July 22, 2024

Britain Investigates Bribery Charges Against EADS Unit in Saudi Deal

LONDON — Britain’s Serious Fraud Office is looking into allegations that a unit of European Aeronautic Defense Space bribed Saudi Arabian officials to win a multi-billion dollar contract, a person with direct knowledge of the investigation said on Tuesday.

The fraud office, which investigates complex instances of corruption, is seeking more information about allegations that the EADS unit handed out cars, jewelry and cash to win a £2 billion, or $3.3 billion, contract for upgrading the satellite systems of the Saudi National Guard, said the person, who declined to be identified because the investigation is at an early stage.

The allegations were made by Lieutenant Colonel Ian Foxley, a former employee of GPT Special Project Management, which won the contract, the Daily Telegraph newspaper reported. GPT, based in Riyadh, is owned by a British company, Paradigm Services, which in turn is owned by EADS, one of Europe’s largest defense contractors and the parent company of Airbus as well.

“Certain allegations have been made and these are being properly investigated,” Alexander Reinhardt, an EADS spokesman, said.

Sam Jaffa, a spokesman for the fraud office, declined to comment. Mr. Foxley could not be reached for comment. There was no answer at the press office at the Saudi Embassy in London.

The allegations come more than a year after BAE Systems, Europe’s largest military contractor and an EADS rival, agreed to pay almost $450 million in penalties in the United States and Britain to settle investigations into possible bribes to win contracts. The investigations, which had dragged on for years, focused on arms deals in Saudi Arabia, the Czech Republic and Hungary. Before pleading guilty as part of the settlement, BAE Systems had repeatedly denied any wrongdoing.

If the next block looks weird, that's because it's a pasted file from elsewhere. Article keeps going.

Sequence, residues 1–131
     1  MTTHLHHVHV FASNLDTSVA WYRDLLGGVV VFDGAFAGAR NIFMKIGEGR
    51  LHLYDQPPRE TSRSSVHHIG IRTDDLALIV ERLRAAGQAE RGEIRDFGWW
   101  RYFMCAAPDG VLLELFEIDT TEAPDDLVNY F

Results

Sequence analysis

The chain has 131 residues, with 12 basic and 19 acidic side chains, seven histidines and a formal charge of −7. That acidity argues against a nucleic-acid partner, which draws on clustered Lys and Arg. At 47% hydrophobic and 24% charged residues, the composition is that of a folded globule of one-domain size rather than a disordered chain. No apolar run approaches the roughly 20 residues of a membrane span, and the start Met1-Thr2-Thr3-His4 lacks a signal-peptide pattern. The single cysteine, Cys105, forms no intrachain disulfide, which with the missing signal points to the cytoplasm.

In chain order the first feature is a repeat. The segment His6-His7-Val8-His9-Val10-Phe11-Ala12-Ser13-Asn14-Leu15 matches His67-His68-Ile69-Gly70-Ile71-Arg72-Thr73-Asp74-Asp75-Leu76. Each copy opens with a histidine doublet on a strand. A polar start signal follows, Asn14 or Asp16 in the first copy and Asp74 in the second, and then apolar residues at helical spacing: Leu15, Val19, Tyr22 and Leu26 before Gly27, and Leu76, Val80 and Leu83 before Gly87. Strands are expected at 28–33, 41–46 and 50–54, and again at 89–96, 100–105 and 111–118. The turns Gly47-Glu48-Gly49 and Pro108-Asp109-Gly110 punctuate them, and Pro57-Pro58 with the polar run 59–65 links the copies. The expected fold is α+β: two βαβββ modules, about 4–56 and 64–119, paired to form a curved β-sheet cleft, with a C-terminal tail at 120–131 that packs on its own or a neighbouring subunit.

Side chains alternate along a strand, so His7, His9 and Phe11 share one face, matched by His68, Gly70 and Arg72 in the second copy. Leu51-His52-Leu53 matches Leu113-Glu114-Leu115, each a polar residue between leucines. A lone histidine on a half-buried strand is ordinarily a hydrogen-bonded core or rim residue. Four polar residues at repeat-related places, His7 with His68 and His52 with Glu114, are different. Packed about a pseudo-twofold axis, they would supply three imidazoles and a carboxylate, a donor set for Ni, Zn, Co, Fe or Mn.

The initial investigation by the Serious Fraud Office into the dealings of BAE Systems had caused diplomatic problems between Saudi Arabia and Britain. The British government, then led by Prime Minister Tony Blair, pressured the fraud office into halting the investigation in 2006, arguing that it would damage Britain’s intelligence cooperation with Saudi Arabia in the struggle against Al Qaeda.

The halting of the investigation was challenged in court by two activist groups. The High Court in Britain ruled in 2008 that dropping the inquiry was unlawful.

Britain is currently working on a review of its bribery bill that is expected to go into effect this summer. The small changes were supposed to clarify what companies are and are not allowed to do to win business. But some lawyers argued the rules are too unclear on which foreign companies would be subject to the laws.

Nicola Clark contributed reporting from Paris.

Article source: http://feeds.nytimes.com/click.phdo?i=9ae3f31bd65b2f67cf5b68ffd934864a

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